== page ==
Iran's president asked to show obedience to leader
The split threatens to destabilize Iran at a time of tension with the West over Tehran's disputed nuclear program and appears to center on a battle for influence between the two men over next year's parliamentary election and a presidential election in 2013.
"Obedience to the supreme leader is a religious obligation as well as a legal obligation, without any doubt," said Ayatollah Ahmad Khatami. He did not mention Ahmadinejad by name, but it was clear he was referring to the president.
Iran's supreme leader, Ayatollah Ali Khamenei, has the final word on all matters of state in Iran, and hard-liners consider him above the law and answerable only to God. He has been a strong backer of the president in the past, particular in the aftermath of Ahmadinejad's disputed re-election in June 2009. Claims of vote fraud set off months of street protests that grew into the strongest challenge to Iran's ruling system since its birth in the 1979 Islamic Revolution.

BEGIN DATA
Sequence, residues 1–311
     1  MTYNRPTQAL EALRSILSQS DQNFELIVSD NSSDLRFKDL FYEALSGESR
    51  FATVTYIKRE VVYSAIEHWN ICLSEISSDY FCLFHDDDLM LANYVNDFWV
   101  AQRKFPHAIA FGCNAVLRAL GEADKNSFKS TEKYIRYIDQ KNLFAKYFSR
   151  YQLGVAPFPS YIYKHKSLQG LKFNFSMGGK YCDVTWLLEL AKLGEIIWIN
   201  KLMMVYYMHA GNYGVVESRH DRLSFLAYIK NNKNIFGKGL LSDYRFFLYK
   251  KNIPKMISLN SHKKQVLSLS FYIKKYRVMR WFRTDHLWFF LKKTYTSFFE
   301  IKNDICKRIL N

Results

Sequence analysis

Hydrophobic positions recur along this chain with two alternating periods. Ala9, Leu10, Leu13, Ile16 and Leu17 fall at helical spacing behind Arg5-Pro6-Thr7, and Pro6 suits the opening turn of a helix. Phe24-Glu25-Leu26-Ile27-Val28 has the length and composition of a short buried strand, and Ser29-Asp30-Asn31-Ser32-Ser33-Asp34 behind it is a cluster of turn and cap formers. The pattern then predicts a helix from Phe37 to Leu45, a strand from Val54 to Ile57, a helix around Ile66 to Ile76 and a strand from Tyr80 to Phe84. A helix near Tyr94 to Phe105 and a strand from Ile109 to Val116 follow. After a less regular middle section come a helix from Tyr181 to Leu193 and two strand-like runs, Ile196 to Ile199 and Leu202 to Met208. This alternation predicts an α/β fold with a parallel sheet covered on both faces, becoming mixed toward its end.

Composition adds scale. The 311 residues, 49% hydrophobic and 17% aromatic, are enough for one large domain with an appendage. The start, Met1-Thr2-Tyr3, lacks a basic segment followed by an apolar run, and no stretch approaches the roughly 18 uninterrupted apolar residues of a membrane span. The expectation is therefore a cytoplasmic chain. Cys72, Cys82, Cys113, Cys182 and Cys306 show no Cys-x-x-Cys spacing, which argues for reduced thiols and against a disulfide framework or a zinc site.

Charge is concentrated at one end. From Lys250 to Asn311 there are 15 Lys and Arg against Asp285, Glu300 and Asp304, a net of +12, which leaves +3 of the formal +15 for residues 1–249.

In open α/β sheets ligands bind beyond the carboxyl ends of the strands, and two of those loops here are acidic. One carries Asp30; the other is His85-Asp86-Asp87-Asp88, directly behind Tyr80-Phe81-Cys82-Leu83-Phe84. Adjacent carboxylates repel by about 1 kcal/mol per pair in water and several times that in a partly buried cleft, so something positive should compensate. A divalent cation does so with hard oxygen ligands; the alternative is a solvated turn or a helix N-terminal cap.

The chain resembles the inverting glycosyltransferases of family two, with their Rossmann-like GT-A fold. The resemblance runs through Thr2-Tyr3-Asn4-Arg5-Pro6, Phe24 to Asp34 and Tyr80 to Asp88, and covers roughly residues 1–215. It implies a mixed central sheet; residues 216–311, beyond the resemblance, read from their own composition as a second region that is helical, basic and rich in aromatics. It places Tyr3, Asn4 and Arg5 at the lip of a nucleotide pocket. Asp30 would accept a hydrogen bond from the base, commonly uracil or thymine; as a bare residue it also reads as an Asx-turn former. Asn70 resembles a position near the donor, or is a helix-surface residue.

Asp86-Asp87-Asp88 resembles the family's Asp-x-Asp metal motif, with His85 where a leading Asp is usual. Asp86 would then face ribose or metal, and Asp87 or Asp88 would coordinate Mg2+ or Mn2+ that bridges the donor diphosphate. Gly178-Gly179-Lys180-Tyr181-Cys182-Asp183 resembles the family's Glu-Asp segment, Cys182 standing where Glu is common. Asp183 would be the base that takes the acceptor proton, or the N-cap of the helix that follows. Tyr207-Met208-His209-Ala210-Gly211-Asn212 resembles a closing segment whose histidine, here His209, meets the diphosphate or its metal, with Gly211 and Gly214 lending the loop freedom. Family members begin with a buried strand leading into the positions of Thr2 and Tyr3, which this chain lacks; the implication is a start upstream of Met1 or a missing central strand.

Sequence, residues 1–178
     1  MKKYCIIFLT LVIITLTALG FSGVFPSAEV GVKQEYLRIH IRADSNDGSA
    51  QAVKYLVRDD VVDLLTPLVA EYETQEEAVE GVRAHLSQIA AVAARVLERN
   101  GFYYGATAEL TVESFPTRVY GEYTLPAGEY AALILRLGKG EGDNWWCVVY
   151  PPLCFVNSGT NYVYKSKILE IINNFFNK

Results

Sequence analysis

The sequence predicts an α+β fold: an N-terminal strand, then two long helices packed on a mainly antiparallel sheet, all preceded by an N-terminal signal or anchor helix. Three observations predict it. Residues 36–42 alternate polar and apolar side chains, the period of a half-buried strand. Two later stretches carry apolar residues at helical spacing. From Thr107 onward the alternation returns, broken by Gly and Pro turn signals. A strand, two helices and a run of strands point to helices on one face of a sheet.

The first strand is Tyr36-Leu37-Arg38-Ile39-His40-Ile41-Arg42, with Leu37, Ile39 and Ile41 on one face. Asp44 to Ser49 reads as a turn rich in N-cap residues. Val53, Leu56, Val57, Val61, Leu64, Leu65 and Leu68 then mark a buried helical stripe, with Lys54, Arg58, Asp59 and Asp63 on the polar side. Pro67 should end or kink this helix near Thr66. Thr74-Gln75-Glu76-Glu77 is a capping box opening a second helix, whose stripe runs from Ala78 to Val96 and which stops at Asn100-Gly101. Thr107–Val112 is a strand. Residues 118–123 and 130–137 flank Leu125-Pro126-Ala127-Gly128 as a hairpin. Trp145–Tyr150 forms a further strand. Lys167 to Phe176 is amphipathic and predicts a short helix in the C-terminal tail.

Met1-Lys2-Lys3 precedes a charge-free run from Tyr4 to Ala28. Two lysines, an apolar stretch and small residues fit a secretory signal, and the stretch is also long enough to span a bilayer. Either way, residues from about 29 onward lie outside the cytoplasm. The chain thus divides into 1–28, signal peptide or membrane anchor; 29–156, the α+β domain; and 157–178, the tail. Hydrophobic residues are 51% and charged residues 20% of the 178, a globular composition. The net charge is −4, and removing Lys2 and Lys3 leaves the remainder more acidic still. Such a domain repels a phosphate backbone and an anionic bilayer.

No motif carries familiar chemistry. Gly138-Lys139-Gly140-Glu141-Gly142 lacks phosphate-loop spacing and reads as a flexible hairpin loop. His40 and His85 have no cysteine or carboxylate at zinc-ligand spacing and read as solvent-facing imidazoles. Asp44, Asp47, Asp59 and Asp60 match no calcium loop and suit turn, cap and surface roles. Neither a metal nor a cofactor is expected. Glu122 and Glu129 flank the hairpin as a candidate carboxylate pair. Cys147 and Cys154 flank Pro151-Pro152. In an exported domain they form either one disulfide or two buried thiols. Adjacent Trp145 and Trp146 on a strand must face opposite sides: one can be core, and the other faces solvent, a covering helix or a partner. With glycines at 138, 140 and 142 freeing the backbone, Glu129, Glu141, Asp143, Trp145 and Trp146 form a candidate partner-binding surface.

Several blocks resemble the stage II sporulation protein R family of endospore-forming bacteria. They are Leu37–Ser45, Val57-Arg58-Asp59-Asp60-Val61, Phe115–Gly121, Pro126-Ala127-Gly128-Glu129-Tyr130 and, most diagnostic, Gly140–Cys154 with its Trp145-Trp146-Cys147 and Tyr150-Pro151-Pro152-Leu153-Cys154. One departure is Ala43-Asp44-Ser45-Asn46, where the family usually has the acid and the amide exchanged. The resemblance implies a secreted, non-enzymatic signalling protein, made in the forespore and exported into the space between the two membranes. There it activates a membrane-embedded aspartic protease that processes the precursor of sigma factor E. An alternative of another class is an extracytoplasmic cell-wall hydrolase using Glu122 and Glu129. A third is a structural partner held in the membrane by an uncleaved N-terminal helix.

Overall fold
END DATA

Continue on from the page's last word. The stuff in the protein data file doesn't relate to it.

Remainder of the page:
Some have accused the president and his allies of trying to amass power and challenge Khamenei's ultimate authority in the run-up to the elections.
Their most recent confrontation involved Ahmadinejad's dismissal this month of the country's powerful intelligence minister, whom Khamenei then quickly reinstated in a slap to the president. In protest, the president skipped two Cabinet meetings this week.
The cleric, Khatami, told worshippers at a Muslim prayer service in the capital that Iran's enemies are seeking to create the impression that there are deep divisions among Iranian leaders.
He said Iranian officials should not react in a way that could confirm such internal tensions.
"In a friendly way, I am telling the officials, "Do not play in the enemies' ground. Do not fill the empty boxes of the enemy's crossword," Khatami said.
Khamenei has made clear he will defend his powers, including the authority to name Cabinet ministers, warning in a speech last week that he will intervene in the government's affairs whenever necessary. His words were a sharp rebuke to Ahmadinejad.